The NEC conduit-fill tables define the amount (being a percentage) of different kinds of cable you should use inside a conduit. “The NEC typically covers power cables,” says Stewart. “Rich in-voltage cables, you need to consider temperature and impedance, which really don`t apply in the case of data cables in conduit. The real question for data cable is: Could you pull it into the dimensions of duct that you`ve selected?”
“The main decision when installing conduit is the size of the conduit and clearance from your wall,” says Clawson. For external use, we use 4-inch PVC conduit, and that we try to install as much conduit in the trenches since we can for future use.”
Cables are continually added to conduit systems that are often filled to capacity with generations of older cable. When new cables are added, friction and pulling tension can damage existing cables in the conduit. A great way to provide for future changes would be to subdivide larger conduits with innerducts, which are smaller in diameter than conduit, generally nonmetallic, and semiflexible.
“Inside an existing structure, many installers will not desire to pull new cable over the cable already from the conduit,” says Stewart, “mainly because they risk damaging existing cable. To optimize a greater conduit, they`ll install several smaller innerducts inside it. They`ll pull a reduced fiber cable into one of the innerducts, and then have additional ducts for use for future cable placement.”
Innerducts are classified by outside diameter (OD) whereas trade-size conduits use inside diameter (ID). One-inch innerduct is usually used within buildings; however, 11/4-, 11/2-, and 2-inch innerducts are for sale to larger fiber cables. Although innerducts use up space in a conduit, they provide additional protection and suppleness in constantly changing cabling installations.
“Generally, if you`re installing a 4-inch conduit,” says Smith, “you`ll find yourself putting in three 1-inch innerducts: one for fiber, one for data, then one spare. What for you to do is pull just as much dexlpky51 it is possible to at installation time.”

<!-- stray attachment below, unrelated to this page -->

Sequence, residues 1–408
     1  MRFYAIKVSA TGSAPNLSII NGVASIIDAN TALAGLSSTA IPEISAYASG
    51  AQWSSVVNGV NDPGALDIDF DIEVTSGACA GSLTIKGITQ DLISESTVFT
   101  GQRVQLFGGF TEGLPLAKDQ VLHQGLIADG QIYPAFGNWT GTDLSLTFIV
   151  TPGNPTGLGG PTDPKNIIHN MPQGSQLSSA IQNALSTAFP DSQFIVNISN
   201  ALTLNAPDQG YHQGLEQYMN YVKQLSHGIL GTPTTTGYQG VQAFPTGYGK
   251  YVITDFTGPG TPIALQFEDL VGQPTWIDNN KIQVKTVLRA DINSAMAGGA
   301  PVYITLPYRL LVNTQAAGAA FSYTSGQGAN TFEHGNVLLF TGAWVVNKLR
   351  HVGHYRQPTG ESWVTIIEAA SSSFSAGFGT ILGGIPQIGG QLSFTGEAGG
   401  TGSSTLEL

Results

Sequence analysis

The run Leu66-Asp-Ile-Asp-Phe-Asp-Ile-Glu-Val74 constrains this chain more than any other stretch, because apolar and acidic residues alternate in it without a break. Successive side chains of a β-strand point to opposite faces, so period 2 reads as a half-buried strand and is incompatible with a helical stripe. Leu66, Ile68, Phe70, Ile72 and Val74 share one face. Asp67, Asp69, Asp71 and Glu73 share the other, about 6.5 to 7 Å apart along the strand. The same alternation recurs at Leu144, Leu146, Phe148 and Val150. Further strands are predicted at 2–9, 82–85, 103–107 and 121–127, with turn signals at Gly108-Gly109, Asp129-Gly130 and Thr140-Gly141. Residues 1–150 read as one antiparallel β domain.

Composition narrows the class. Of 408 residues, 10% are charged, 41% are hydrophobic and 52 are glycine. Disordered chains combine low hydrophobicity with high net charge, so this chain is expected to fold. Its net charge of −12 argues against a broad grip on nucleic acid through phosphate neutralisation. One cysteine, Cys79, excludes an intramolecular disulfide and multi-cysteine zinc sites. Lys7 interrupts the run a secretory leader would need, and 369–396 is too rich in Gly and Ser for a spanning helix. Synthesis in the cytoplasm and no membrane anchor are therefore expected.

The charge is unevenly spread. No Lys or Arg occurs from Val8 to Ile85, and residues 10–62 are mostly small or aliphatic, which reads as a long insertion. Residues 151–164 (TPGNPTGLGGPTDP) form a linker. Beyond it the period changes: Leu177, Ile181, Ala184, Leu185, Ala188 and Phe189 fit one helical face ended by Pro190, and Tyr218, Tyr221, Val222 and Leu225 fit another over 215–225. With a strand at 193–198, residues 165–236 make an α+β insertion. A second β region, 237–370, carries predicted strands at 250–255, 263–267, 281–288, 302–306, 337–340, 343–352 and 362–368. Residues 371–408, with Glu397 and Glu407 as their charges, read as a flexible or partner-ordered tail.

Typically produced from thermoplastic materials, innerduct includes a pull string already installed. It can be found in ribbed-, corrugated-, and smooth-wall styles. Some types have prelubricated inside walls. These special coatings and also the physical properties from the inner wall of the innerduct ensure less friction and tension when pulling cable.
“Corrugated innerduct is utilized in plenum and riser products,” says D`Errico. “And, when constructed from high-density polyethylene, it is typically utilized for short–1000 feet or less–installations.” Smooth wall is commonly used for direct-buried, trenching, plowing, aerial, and directional boring applications. “The Flexible Metal Conduit Pipe is that the cable jacket is “lifted” away from and possesses a lesser section of experience of the pipe, lowering the coefficient of friction. Although the guideline is: the greater the hole, the simpler it`s going to be to pull the cable,” he says.
In accordance with Clawson, “We use ribbed innerduct if we`re pulling one innerduct, because it`s quicker to handle. If we`re pulling by way of a directional boring machine and it`s a multiple pull, then we use smooth innerduct. It is actually much easier to pull smooth innerduct in addition to an easy surface, and yes it doesn`t kink as easily as ribbed innerduct.”
When utilizing innerduct, you should verify whether it is a plenum or non-plenum area as well as install the innerduct together with the appropriate support. If the innerduct is secured with tie wraps in the plenum area, only use plenum-rated products.
Innerduct is often offered in a color–orange for your fiber-optic communications industry. Color can occasionally be installation-specific; as an example, one color for data cable, one for telephone, and the like. “You will find a movement afoot to try to use color designations for various applications,” says Stewart. “Orange is generally communications, red can be for electrical power, and yellow for gas.”